Germany’s AfD vetoes fresh poll for party leadership

Rifts in Germany’s far-wing party emerged after anti-Semitic remarks by a lawmaker. According to a newspaper report, AfD’s co-leader Petry wanted to make a bid for sole party leadership.

Photo by: AP
Photo by: AP

Frauke Petry, co-leader of the party Alternative for Germany AfD, points her finger at the gathering of the right-populist party on, March 13, 2016.

In a closed-door meeting, representatives of the Germany’s far right-wing AfD party decided not to hold a special conference to choose a new party leader.

The 11-hour long emergency meeting which was held in the northern German city of Kassel was called to address a leadership dispute between co-heads Frauke Petry and Jorg Meuthen.

After long deliberations, members of the Alternative for Germany party (AfD) decided not to hold a fresh leadership vote after internal rifts emerged in party. According to German newspaper Frankfurter Allgemeine Zeitung, 37 members out of 50 voted against holding a fresh poll to elect a new leader.

The newspaper also reported that there were rumours that Petry was making a bid for sole party leadership. However, shortly before Sunday's AfD meeting, Petry refuted the allegations and distanced herself from the alleged scheme in an interview with the German daily newspaper Bild.

Rifts within

Petry heads the opposition AfD in eastern Saxony state's parliament in Dresden, while Meuthen leads another AfD faction in Baden-Württemberg's state parliament.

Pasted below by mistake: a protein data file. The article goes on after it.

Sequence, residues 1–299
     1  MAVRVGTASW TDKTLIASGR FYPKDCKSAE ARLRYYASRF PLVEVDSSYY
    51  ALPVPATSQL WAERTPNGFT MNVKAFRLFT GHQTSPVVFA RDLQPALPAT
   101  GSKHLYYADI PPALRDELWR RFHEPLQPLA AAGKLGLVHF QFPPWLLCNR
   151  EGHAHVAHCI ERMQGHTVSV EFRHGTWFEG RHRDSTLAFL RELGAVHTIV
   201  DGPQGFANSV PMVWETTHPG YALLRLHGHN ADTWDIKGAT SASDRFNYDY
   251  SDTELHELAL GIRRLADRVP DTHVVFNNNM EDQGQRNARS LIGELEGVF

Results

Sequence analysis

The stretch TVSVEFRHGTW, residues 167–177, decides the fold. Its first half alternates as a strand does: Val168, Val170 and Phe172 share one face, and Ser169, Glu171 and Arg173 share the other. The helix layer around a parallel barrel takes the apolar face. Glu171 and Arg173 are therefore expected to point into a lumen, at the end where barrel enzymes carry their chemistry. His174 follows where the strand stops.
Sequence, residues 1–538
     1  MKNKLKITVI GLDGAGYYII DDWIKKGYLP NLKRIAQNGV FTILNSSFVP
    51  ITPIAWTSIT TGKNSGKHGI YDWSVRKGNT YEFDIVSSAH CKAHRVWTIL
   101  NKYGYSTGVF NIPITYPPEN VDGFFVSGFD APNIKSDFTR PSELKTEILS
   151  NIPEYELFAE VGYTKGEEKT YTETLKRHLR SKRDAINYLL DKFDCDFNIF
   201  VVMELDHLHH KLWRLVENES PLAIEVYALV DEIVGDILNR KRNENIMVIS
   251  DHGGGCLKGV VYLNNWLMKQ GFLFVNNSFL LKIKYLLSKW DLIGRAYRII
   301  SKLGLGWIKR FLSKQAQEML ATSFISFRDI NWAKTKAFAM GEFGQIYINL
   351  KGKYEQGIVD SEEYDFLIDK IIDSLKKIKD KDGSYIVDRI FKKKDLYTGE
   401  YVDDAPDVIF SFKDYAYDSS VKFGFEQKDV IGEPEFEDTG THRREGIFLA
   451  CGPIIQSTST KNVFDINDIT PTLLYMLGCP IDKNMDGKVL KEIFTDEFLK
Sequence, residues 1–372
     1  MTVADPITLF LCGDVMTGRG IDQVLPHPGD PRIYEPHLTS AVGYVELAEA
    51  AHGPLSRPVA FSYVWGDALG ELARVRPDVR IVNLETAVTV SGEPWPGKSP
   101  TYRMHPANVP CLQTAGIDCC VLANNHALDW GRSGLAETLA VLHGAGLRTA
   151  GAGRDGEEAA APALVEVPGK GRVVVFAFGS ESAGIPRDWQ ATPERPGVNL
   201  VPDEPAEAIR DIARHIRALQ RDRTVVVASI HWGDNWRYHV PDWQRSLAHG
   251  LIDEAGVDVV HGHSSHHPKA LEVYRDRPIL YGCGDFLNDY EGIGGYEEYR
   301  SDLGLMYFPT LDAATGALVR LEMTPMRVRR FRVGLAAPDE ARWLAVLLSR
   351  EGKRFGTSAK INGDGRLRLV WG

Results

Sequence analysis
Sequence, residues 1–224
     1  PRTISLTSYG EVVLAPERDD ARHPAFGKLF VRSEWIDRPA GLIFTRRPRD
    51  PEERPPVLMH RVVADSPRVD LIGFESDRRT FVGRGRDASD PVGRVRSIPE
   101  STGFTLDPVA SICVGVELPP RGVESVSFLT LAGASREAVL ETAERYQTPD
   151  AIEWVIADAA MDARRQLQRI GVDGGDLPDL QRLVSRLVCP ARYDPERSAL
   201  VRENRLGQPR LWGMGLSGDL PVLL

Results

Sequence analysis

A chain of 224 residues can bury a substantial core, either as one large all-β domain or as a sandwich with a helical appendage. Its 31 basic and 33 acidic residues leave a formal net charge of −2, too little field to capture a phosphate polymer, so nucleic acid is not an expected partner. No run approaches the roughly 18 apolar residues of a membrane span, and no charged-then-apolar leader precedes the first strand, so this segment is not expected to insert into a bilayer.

The split in the AfD emerged over anti-Semitic remarks by a lawmaker. A Baden-Württemberg AfD member had claimed that the Holocaust was given too much attention.

Joerg Meuthen, co-leader of the party Alternative for Germany or AfD passes waiting journalists in Stuttgart, Germany, on July 6, 2016.

The AfD has won opposition footholds in eight out of Germany's 16 regional parliaments. The anti-immigration party only needs five percent in order to gain seats in Germany's Bundestag.

The party has gained increasing support from those dissatisfied with Chancellor Angela Merkel's refugee policy. Polls suggest it could garner around 15 percent of the national vote in the upcoming elections.

Anti-immigrant sentiments

In an interview with Bild newspaper published on Saturday, Frauke Petry said that asylum seekers and illegal immigrants should be sent to islands outside Europe.

Frauke Petry, co-leader of the party Alternative for Germany or AfD answers the questions of journalists in Stuttgart, Germany, on July 6, 2016.

The influx of over one million migrants last year fueled support for the AfD. The party is expected to make a strong showing in state votes next month in Berlin and Mecklenburg-Vorpommern.

"Illegal migrants and asylum seekers whose applications are rejected will be accommodated on the two islands outside Europe that are protected by the United Nations," Petry added, without naming the two islands she had in mind.

Known for her fiery speeches to AfD supporters, Petry sparked an uproar earlier this year when she called on German police to be allowed to use firearms against illegal migrants.


TRTWorld and agencies